Q: As a parent, can BBB assist my understanding on Student Loan forgiveness and scams targeting this financial scenario?

A: Navient has more than 10 million student loan clients and recently settled a student loan forgiveness lawsuit. The results of the settlement won't affect what individual borrowers owe. However, scammers were quick to notice this news item and are now targeting borrowers with false claims of debt forgiveness – for a fee. Here's what you need to know.

How the scam works

You receive a call from a person claiming to represent Navient, a student loan servicing company. They explain that as a part of a lawsuit settlement, your student debt is partially or completely forgiven. Of course, you'll need to confirm your personal information and pay a fee to "transfer" the debt from Navient to "the Department of Education" or another official-sounding organization. These claims are based on actual procedures you may in fact qualify for, but this unsolicited caller is not working in an official capacity or related to any of the organizations cited in the call.

The caller explains the fees necessary, usually on a monthly basis, then request either debit or credit card information. Then, they will begin making withdrawals according to the payment plan you agreed to. Many consumers notice something is wrong when their Navient loan payment continues to be required, even after setting up payments with the new company.

Navient customers will not receive a phone call offering to transfer your loan. If you engage with these con artist callers, you could compromise your personal information and lose money as well. Instead, look for other options such as the Public Service Loan Forgiveness at and Department of Education at for deferral or other information in relation to your type of loan.

How to avoid the scam

Understand how the Public Service Loan Forgiveness program works. You can request information from your servicer, such as Navient, about potential student loan forgiveness programs, but it's important to know the basic requirements of the program – you must have Direct Loans and make 10-years of qualifying monthly payments under certain payment plans while employed by an eligible nonprofit or government organization. The government contracts with one specific servicer, FedLoans, to determine eligibility.

Don't take unsolicited callers at their word. Remember that legitimate businesses and government offices do not call people without their permission. If you receive a call out of the blue, don't be quick to give out your personal information, even if the caller offers you a great deal.

When in doubt, hang up. If you aren't sure about a caller and their claims, ask for a call back number, hang up, and do your research. A little digging will usually reveal if you were speaking with a legitimate company or not.

Visit official websites to learn about loan forgiveness. You can find out more about whether you qualify for loan forgiveness by visiting the Federal Student Aid website and Navient's official website at

New college grads, watch out!

This year's classes of college graduates are getting ready to start their new lives! It's a big transition that includes several important changes. Grads may be moving to a new city, finding a new place to live, or searching for a new job. Graduation also often means new financial responsibilities, such as starting payments on student loans.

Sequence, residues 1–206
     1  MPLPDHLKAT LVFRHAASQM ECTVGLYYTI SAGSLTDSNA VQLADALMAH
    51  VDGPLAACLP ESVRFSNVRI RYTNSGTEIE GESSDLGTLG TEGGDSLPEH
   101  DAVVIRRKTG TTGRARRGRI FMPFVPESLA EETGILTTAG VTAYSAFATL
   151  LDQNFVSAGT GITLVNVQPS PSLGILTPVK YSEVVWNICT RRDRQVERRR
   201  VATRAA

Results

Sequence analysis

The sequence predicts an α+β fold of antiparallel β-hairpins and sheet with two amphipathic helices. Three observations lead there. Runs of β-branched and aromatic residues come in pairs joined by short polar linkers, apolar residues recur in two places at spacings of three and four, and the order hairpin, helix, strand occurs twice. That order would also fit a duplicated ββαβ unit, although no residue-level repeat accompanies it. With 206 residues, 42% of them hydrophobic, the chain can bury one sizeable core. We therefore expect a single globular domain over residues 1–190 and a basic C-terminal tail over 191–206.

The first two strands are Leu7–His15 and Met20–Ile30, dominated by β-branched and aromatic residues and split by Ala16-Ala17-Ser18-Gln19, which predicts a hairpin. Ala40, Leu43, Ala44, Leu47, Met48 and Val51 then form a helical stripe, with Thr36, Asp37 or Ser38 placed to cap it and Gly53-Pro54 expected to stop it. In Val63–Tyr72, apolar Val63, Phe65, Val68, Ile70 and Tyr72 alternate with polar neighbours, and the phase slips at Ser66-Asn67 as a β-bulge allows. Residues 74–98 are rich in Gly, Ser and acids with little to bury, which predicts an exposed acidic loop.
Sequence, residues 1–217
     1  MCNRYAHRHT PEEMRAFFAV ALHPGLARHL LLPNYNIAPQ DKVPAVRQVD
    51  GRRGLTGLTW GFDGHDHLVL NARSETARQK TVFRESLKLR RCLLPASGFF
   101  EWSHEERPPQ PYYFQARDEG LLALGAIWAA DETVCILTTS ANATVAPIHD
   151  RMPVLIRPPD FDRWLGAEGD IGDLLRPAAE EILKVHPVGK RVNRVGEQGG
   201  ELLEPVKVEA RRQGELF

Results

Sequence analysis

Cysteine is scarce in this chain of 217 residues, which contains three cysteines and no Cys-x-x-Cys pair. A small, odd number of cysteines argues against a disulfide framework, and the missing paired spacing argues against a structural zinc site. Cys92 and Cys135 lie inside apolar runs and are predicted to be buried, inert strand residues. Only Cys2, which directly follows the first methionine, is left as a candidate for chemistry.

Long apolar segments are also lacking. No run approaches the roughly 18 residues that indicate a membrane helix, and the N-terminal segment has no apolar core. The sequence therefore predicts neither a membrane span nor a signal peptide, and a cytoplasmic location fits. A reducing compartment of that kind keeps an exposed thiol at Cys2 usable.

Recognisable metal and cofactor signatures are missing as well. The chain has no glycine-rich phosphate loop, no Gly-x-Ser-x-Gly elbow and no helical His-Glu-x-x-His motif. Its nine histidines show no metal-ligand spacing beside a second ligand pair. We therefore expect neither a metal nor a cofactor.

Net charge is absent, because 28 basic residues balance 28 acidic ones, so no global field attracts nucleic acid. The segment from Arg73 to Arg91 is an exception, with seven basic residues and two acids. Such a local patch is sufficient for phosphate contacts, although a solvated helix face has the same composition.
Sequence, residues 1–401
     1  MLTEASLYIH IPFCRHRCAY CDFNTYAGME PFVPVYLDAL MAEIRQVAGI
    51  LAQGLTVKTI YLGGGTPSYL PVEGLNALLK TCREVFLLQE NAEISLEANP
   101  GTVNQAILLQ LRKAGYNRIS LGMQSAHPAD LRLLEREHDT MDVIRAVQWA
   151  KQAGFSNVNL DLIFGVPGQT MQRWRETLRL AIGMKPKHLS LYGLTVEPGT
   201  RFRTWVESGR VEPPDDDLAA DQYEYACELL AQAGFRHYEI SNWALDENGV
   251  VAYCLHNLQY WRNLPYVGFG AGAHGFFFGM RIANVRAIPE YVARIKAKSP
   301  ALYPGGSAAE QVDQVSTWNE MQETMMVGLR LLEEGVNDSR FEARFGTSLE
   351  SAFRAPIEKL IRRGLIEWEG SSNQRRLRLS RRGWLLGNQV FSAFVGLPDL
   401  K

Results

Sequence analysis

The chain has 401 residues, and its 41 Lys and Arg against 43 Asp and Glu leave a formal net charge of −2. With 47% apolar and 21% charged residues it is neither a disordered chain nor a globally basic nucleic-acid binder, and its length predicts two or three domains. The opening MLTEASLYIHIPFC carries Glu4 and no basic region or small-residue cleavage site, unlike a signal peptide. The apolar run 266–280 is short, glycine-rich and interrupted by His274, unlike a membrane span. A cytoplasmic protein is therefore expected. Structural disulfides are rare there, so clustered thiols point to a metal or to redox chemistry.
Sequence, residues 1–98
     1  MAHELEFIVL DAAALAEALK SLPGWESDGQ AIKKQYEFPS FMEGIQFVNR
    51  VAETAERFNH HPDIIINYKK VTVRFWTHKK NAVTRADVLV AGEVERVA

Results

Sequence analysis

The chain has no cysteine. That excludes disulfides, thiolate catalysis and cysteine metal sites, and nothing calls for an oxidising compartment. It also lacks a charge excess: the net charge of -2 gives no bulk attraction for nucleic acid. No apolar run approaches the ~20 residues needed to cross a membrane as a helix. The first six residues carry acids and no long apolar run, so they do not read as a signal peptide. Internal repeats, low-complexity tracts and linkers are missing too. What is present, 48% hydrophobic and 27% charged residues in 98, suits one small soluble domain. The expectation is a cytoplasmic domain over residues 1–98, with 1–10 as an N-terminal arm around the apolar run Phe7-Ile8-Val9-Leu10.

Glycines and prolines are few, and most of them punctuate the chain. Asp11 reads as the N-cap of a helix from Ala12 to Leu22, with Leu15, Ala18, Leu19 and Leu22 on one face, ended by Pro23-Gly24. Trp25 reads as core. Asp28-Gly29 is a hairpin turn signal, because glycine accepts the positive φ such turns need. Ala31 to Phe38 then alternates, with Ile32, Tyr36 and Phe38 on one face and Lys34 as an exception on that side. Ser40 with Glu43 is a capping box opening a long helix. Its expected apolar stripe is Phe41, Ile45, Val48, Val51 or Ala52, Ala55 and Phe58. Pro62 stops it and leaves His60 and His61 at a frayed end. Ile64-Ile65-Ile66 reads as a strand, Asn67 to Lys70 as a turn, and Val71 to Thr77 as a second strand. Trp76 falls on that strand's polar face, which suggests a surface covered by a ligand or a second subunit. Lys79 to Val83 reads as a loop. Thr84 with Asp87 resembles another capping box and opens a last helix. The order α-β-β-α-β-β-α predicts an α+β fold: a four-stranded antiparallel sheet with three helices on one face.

College graduates are navigating many life changes, and scammers are eager to take advantage of their inexperience. The following tips can help new grads avoid common scams.

One of the most common ways scammers target college graduates is with fake loan forgiveness opportunities. You may receive an unsolicited email, phone call, or text message stating that you can qualify for lowered payments through a debt forgiveness program. To use the company's services, just fill out a form and pay a fee. Some of these companies are real, but they pitch their services with false claims and incomplete information. Other companies are fakes, only hoping to get their hands on your personal information and money.

Understanding the ins and outs of your student loan - what kind of interest you owe, when you need to start paying (in most cases you won't need to make a payment until six months after you've graduated), and for how long you'll be expected to make payments - will protect you from these scams. If you are unsure how the CARES Act affects your student loan, find out on official government websites, such as and

Some con artists contact graduates or their parents claiming some of their tuition was left unpaid. If it isn't paid immediately, the graduate's degree will be revoked. Scammers may ask you to send money via wire transfer or prepaid debit cards.

Whether you are contacted by phone, email, or text message, be wary of anyone who contacts you out of the blue. Government agencies, as well as most higher education facilities, will contact you by mail initially. If you aren't sure if a message is legitimate, do some research to verify the person's claims? Ask to contact them later. Then, investigate by looking up information on the official website or calling your school's bursar's office. Don't give in to pressure to make a decision right away.

To view additional tips on student loans, visit

Jim Winsett is president of the Better Business Bureau of Chattanooga.